The National Transportation Safety Board (NTSB) is still investigating "all aspects" of a fatal crash on June 3 near Scooba, Mississippi, that claimed the lives of eight people. Among them were four brothers. The NTSB's preliminary report, however, provides some information about what happened on a rural two-lane highway when a box truck struck a van in which the eight people who died were traveling.
According to the federal agency, the truck crossed the centerline of the highway, striking the van in the pre-dawn hours on a bridge about 20 minutes from Macon. The van's driver told investigators that he swerved but was unable to avoid being hit. The van was pushed into the guardrails. None of the eight passengers who died were wearing seat belts.
All of the men in the van appear to have been related - - including the driver. The local sheriff said that the scene was particularly devastating. He said, "We had rescue workers there who said that out of 25 to 30 years they've been doing this, they haven't had one this bad."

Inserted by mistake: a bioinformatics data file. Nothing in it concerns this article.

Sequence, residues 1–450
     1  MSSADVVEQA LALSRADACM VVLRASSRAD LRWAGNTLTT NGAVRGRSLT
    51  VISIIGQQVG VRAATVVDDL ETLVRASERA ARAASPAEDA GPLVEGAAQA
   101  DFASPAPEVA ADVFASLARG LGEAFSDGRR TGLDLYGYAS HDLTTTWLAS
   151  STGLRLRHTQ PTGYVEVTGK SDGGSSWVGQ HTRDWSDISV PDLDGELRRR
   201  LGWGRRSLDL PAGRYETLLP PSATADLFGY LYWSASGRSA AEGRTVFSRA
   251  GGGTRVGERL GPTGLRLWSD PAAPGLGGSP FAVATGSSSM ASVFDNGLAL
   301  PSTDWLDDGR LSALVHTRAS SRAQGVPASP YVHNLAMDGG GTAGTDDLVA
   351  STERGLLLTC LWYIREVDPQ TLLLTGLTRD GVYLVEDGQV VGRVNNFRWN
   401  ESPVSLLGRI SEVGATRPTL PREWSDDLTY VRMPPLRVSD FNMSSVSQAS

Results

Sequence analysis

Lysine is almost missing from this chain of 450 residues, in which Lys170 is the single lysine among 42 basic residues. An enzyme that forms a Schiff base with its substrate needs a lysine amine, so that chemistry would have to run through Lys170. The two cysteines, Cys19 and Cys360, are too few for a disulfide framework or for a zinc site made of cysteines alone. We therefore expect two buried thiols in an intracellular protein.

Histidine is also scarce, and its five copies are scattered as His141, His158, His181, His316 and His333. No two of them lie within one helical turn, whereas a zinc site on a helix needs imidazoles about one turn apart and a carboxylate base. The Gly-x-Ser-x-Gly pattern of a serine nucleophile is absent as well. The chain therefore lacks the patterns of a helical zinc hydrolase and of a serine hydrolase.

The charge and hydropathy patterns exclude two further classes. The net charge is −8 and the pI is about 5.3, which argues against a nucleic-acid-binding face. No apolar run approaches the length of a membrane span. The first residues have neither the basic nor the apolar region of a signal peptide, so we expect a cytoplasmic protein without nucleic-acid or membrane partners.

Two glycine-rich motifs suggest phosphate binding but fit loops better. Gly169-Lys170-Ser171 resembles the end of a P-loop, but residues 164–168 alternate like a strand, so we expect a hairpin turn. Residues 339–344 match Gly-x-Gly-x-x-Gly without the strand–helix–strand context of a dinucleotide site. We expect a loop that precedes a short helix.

The van was owned by Sharp Forestry, which is based in Columbus. The passengers were workers who were on their way from Macon, Mississippi, to Monroeville, Alabama, where they were supposed to cut trees. The Mississippi Highway Patrol ticketed the van driver because he didn't have a driver's license.
It wasn't reported why the truck driver crossed over the line into oncoming traffic. The truck belonged to an Alabama-based company called Overnight Parts Alliance. The company has had nine crashes reported over the past two years. The driver did not have a commercial driver's license.
In many crashes -- as appears to be the case in this one -- there is plenty of blame to go around on both sides. However, law enforcement and other investigators can work to help determine who can and should be held liable so that victims and surviving loved ones get the compensation they need and deserve to move forward.